But it must be borne in mind that the British support to the Muslims was a part not of their anti-Hindu policy but an attempt to gather Muslim support against the nationalist activities which had its roots among the Hindus of the State. Moreover, the English also wanted to use Muslims as a check on the Dogra administration whenever necessary.

Maharaja Pratap Singh offered no challenge to the British designs in the State. On the contrary, he always showed eagerness to make their policies successful. But the situation changed when Maharaja Had Singh ascended the throne in 1925. Contrary to his uncle’s nature, he was too much tough and lover of freedom.

Maharaja Hari Singh, knowingly or otherwise, created an impression that he was ‘anti-British’ and, therefore, invited their displeasure forever.

One is convinced that Maharaja Hari Singh’s ideas were not less patriotic than those of any other nationalist leader of the time. How could he, therefore, go unpunished.

Moreover, the Ahmediyas, who were the main spirit behind the 1931 agitation and whose Head worked as SM Abdullah’s godfather, were staunch British loyalists. Loyalty to the British Empire was, indeed, one of their main principles. Obviously, they won’t have dared to spearhead the agitation in Kashmir without Britishers’ blessings.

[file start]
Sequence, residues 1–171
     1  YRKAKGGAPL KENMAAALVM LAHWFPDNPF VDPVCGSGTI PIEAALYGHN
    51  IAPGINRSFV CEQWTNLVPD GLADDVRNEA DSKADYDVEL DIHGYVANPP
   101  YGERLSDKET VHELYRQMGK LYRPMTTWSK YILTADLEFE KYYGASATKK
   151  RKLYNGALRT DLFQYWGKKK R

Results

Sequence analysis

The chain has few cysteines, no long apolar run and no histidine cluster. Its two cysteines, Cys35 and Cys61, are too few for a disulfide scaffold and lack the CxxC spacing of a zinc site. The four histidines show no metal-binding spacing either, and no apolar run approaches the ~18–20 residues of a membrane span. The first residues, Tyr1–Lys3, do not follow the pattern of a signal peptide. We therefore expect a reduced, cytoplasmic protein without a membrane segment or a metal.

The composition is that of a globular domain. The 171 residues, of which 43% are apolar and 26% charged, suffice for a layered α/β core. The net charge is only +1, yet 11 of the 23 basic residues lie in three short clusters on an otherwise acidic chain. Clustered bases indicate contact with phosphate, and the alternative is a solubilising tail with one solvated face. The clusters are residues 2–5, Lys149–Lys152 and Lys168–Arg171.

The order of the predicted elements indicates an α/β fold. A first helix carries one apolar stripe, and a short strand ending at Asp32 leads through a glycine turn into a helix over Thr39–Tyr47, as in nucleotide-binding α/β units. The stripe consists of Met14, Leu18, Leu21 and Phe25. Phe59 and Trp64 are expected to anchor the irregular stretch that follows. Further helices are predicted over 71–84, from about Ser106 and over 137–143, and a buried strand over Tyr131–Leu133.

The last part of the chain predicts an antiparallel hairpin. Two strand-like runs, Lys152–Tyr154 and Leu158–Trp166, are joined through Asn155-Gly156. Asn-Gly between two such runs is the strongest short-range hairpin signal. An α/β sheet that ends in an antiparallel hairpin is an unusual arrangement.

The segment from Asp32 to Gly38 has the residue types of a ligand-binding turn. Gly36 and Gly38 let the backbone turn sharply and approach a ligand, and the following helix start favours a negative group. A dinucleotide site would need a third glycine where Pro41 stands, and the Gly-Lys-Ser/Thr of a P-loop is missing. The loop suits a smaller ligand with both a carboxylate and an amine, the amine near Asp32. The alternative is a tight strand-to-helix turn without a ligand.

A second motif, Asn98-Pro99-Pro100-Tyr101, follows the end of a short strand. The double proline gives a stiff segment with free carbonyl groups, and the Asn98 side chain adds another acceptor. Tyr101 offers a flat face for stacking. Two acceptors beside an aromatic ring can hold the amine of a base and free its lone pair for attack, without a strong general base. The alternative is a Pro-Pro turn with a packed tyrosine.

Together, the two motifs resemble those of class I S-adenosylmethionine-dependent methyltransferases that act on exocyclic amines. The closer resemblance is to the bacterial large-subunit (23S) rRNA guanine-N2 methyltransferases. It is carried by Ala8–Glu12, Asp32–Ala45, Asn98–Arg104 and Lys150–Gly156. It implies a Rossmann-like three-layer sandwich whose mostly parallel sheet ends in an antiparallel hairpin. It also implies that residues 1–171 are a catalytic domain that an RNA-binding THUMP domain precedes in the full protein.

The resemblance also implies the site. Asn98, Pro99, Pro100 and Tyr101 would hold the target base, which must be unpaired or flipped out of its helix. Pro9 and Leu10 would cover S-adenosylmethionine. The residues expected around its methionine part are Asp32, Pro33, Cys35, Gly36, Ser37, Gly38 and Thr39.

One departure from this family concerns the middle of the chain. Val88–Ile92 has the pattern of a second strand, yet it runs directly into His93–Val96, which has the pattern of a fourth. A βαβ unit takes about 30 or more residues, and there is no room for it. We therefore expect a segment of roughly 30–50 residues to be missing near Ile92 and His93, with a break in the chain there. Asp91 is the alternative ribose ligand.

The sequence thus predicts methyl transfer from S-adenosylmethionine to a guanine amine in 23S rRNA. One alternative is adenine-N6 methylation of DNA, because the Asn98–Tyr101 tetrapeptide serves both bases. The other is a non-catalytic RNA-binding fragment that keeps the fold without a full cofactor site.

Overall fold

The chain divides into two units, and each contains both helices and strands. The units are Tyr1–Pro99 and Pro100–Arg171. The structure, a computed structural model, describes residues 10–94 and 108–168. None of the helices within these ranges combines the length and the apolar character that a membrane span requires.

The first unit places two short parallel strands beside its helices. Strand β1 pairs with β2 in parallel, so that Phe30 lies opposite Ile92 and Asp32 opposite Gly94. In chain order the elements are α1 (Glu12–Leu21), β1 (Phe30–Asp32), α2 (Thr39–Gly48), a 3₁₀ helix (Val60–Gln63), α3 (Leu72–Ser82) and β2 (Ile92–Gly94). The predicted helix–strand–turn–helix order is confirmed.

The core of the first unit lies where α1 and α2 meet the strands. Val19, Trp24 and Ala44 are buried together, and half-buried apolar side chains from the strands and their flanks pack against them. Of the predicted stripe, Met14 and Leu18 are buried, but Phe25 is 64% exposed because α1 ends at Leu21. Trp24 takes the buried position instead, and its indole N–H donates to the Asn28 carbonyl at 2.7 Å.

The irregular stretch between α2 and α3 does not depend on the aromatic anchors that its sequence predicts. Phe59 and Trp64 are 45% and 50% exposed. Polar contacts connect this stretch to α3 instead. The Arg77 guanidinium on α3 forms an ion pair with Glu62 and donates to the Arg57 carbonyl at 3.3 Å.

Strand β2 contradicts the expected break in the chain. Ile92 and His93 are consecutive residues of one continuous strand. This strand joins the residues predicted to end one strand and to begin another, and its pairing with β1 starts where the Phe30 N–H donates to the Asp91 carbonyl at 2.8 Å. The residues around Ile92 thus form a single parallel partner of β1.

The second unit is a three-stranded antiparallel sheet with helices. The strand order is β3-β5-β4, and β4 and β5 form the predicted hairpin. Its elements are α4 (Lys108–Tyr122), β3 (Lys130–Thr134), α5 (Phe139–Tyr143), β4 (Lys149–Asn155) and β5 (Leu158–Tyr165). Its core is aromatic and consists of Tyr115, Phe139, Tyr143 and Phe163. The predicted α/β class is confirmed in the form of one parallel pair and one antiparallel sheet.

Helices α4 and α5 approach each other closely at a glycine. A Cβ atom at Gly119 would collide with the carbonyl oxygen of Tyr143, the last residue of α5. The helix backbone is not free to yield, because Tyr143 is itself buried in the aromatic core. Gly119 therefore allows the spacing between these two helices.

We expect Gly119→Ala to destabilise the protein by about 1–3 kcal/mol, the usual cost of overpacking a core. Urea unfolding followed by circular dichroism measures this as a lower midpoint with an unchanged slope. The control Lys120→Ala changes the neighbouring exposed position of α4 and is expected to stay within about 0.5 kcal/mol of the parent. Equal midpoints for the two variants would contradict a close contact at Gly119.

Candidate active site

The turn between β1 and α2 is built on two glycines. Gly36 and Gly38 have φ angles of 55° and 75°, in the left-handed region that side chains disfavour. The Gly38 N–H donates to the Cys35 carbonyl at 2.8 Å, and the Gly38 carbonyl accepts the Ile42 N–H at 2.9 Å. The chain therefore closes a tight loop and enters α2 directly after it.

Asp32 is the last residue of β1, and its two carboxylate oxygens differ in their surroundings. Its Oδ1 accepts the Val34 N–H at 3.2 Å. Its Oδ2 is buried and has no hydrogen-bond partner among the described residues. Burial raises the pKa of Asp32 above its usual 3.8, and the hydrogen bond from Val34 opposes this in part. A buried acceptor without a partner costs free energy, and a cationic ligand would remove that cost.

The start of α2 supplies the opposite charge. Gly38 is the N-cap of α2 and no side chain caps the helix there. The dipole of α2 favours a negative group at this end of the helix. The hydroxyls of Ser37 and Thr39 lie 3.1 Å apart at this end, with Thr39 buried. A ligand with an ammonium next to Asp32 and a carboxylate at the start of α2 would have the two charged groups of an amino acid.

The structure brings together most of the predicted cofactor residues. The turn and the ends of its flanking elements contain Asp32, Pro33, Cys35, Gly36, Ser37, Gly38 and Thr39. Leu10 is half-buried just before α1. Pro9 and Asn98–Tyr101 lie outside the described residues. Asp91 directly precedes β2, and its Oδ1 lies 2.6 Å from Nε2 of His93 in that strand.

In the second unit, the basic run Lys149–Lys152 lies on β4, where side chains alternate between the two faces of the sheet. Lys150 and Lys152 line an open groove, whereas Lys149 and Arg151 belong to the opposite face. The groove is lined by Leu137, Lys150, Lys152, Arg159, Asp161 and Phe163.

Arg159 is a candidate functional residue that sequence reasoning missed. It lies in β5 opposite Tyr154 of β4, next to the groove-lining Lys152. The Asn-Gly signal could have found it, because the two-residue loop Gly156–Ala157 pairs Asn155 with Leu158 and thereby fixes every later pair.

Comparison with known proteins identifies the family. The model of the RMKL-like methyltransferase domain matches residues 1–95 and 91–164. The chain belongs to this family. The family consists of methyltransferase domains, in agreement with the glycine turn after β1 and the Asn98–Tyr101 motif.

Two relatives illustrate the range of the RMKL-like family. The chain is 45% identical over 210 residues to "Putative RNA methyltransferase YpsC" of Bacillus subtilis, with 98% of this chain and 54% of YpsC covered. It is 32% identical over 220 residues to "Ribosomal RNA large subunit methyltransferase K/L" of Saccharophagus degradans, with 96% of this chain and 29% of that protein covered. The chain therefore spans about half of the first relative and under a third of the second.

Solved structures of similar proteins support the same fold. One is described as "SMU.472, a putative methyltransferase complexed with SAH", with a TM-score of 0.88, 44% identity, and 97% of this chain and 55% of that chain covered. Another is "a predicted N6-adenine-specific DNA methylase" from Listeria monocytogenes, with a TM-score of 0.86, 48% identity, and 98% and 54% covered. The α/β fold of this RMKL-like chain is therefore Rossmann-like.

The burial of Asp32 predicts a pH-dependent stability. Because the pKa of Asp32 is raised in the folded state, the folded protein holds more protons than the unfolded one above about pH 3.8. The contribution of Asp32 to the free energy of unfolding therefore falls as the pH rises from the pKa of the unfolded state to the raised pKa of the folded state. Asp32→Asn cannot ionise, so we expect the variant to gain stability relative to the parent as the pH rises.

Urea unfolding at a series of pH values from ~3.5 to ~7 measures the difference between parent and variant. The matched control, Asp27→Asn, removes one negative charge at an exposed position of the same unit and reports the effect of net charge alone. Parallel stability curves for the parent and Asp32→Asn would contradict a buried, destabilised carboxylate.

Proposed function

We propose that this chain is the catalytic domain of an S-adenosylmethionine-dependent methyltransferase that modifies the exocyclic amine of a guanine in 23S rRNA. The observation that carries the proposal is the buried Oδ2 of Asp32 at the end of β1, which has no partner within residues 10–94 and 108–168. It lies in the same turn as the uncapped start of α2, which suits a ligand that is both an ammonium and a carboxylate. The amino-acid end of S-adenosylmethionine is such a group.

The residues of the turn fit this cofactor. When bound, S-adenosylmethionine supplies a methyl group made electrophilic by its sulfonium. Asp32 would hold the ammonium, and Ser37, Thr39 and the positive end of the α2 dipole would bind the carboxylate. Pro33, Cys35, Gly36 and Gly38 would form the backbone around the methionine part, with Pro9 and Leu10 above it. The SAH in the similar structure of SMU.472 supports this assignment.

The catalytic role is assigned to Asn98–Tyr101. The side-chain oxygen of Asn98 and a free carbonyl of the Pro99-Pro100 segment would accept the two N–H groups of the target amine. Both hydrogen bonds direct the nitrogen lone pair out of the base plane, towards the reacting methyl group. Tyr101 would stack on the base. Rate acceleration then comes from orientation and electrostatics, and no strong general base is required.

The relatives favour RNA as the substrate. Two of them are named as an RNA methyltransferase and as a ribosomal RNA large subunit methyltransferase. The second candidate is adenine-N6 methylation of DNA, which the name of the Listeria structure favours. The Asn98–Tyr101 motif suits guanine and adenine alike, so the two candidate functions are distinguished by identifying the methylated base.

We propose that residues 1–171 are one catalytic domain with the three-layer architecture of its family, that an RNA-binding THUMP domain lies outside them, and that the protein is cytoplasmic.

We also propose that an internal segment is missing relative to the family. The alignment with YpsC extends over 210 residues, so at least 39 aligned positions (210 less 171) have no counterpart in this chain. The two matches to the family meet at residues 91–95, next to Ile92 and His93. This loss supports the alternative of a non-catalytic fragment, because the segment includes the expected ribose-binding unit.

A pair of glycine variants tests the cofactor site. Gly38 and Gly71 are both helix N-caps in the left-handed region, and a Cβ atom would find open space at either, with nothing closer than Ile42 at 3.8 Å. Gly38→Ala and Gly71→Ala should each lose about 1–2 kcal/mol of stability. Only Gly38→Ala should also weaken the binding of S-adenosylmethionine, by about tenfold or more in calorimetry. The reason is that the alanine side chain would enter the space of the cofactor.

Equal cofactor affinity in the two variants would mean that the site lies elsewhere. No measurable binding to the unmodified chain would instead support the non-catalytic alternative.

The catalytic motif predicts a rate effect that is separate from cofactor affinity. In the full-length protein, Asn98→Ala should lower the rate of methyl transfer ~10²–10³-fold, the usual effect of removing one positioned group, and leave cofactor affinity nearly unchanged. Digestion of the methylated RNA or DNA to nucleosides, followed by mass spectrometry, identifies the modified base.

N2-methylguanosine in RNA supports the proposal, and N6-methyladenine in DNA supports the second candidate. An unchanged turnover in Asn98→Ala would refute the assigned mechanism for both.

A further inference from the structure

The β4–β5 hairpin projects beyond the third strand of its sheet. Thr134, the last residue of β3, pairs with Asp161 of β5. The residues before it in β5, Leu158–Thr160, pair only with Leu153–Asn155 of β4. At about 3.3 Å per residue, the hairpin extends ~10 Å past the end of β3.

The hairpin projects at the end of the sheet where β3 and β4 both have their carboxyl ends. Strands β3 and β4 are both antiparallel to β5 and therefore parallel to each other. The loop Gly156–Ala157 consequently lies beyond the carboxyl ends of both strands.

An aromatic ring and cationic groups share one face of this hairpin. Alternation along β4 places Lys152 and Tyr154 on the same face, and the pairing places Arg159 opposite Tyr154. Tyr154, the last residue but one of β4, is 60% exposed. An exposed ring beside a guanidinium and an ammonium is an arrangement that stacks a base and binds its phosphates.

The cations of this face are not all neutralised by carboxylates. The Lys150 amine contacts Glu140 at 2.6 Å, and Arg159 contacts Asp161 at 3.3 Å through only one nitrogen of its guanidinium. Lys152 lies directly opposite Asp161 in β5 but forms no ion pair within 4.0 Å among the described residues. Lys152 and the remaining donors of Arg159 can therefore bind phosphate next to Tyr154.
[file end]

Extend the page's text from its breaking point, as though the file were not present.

There seems to have been some secret understanding between the British and the Muslim leadership, and the British were using them in their own interests. The coincidence of Maharaja’s Round Table Conference speech and the emergence of 1931 Muslim agitation further strengthens this viewpoint.

Furthermore, a number of Britishers themselves were actively involved in the 1931 agitation. One British lady, Margaret Nethersole, was expelled from the State for supporting SM Abdullah and inciting the Muslim rioters in the Kashmir disturbances of 1931. The other Britishers who were involved in this agitation were Mrs Devis and her son, E. Devis and Mr and Mrs Eric Biscoe. But there is nothing to suggest that these people acted according to a worked out plan.

The attitude adopted by the British Government during the course of the 1931 agitation emerged to be yet another factor which encouraged Muslim communalism in the State. Instead of checking the activities of the Ahmediyas and the Ahrars in the Slate, who were working from their headquarters in Punjab, the British brought increased pressure on the Maharaja to appoint an English officer to enquire into the alleged grievances of the Muslims.

(References have been edited out for the reasons of space and certain interventions were made for the reasons of clarity. The analysis solely belongs to the author.)